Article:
Audio Transcript:

What will it take to revive the Greek economy? The government can cut spending and catch tax cheats, but it will also need to jump start the economy. The World's Gerry Hadden brings us the story.

MARCO WERMAN: I'm Marco Werman and this is The World, a co-production of the BBC World Service, PRI and WGBH Boston. For years, Greece spent more than it had. This month the inevitable happened. Greece's bills were about to come due and the country didn't have enough money to pay them off. At the last minute the European Union and the International Monetary Fund came to the rescue with loans. The hope in the west is that the loans will prevent the debt crisis from spreading. The hope in Greece is that they'll buy time for the country to encourage entrepreneurship and boost growth. The World's Gerry Hadden examines some of the possibilities.

GERRY HADDEN: At the port of Athens, Vassilis Korkidis runs his small storefront business providing container and cruise ships with electrical supplies. He's one of about 150,000 people supplying the shipping industry. He says despite the crisis, activity at Greek ports went up by six percent last year. But he says it wasn't any European rescue package that boosted business, but the Chinese. A giant Chinese shipping company called Cosco recently made Greece into a shipping hub.

VASSILIS KORKIDIS: Cosco is a very big player in the handling of container boxes and they have made Greece a transaction point for Europe. So more vessels are coming in - - . More boxes they are handling here, so that means more jobs.

HADDEN: Greece's overall economy is in bad shape by comparison. The government would have defaulted in less than a week on billions of dollar in debt had the European Union and the International Monetary Fund not stepped in. Now that the Greek government has some breathing room, it wants to help grow some sectors like shipping even more. And it will need to, to pay back what it owes to foreign banks. One way to boost Greek shipping is to boost Greek exports, Korkidis says. And here, exports means agriculture. Conveyor belts whir at an olive oil packaging plant in Greece's mountainous Laconia region, three hours south of Athens. This extra virgin oil is called Dorian, and it's exported in extra fancy bottles to countries all over the world. But Dorian is an exception. Most Greek olive oil is exported in bulk to Italy where Italian companies mix it with their own oil, bottle it, and label it as Italian. Dorian plant chemist Melenaos Mihekalos, says it's time for the Greeks to establish their own brands.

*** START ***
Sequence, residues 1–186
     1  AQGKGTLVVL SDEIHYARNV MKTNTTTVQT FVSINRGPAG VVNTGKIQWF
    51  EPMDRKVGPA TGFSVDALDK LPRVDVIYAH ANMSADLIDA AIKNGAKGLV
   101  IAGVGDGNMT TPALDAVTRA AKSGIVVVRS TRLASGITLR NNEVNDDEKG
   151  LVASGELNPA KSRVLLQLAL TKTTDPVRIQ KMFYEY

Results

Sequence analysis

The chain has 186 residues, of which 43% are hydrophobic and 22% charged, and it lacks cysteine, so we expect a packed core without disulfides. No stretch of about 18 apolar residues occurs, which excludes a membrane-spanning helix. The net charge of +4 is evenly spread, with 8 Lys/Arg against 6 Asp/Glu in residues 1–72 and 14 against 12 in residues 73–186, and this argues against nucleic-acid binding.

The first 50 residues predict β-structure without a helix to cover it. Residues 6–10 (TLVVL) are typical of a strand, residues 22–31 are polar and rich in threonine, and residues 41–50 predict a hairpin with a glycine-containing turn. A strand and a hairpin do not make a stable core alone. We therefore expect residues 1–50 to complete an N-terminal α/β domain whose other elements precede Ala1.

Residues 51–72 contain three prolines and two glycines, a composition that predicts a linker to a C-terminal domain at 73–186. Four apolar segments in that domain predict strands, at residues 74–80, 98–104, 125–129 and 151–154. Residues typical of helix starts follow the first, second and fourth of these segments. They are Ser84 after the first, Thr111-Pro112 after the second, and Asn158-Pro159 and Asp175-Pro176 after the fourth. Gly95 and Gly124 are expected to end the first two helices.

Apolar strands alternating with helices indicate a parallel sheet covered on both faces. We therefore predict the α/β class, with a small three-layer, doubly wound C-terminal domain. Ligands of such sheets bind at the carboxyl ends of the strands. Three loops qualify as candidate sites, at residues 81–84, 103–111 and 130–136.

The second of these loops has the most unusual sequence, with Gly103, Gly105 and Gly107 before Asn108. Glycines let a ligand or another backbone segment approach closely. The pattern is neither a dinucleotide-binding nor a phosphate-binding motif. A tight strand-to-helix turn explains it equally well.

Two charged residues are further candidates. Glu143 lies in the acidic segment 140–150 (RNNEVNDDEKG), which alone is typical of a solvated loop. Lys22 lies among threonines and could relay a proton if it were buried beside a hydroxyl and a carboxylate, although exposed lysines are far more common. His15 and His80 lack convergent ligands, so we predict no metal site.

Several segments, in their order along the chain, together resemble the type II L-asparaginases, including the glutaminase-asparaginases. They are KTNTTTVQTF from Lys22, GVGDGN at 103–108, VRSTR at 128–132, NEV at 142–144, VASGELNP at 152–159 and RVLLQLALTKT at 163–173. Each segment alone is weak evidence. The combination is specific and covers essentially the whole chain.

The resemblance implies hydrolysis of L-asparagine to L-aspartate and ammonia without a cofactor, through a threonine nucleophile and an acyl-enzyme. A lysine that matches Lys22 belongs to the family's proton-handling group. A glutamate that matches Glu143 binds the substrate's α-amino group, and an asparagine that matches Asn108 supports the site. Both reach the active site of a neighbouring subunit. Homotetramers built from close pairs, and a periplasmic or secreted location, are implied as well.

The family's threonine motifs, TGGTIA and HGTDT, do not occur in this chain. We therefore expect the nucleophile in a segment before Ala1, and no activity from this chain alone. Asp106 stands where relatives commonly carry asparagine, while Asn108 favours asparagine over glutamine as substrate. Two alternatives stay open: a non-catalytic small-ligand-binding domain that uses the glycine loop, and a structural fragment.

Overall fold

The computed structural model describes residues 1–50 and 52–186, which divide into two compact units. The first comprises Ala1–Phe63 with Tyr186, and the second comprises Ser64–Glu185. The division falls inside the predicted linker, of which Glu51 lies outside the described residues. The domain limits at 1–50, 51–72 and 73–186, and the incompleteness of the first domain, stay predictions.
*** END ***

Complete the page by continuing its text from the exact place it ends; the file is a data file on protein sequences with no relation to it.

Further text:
MELENAOS MIHEKALOS: It's the only way we can get the benefits form the added value, packaged I mean, not in bulk. We need to find markets. We have the best product in the world. One of the best anyway.

HADDEN: Olive oil producers say they get little government support for their marketing efforts, so the going has been slow. They're hoping the crisis will get the state interested in promoting them. But despite heaps of promotion, Greece's biggest industry, tourism, is sluggish. Giorgio Tsakiris is President of Greece's largest hotel group, the Hellenic Chamber of Hotels. He says reservations are off by four percent. Room prices are down by ten percent.

GIORGIO TSAKIRIS: We can absorb as long as it doesn't last forever.

HADDEN: Greek tourism may be able to absorb a small downturn, but the Greek state needs it to flourish. And it's trying to help. The government is opening up Greek ports to non-Greek cruise ships for the first time in 30 years. Greek economist, Yannis Stournaras says the move will bring in more than a billion dollars in new revenue each year. Stournaras says Greece must open some 70 sectors of competition under the EU/IMF bailout agreement. Another sector is trucking. Stournaras says Greece hasn't increased the number of trucks allowed on its roads since 1990.

YANNIS STOURNARAS: But since then, the GDP has doubled. So imagine how much transport costs have increased. It is the most expensive country as far as logistics is concerned. Because we have the same number of lorries to transport twice as much the quantity of products.

HADDEN: But Greek unions, along with hundreds of thousands of Greek citizens are protesting against any liberalization plans, as well as the government's dramatic cuts in public sector wages and new tax hikes. Athens restaurant owner Constance Costinagos says the new austerity measures will put too much pressure on the people and backfire.

CONSTANCE COSTINAGOS: I think it's not very good idea because they try to collect money form me, but if I have no business, how they going to collect?

HADDEN: For The World, I'm Gerry Hadden in Athens.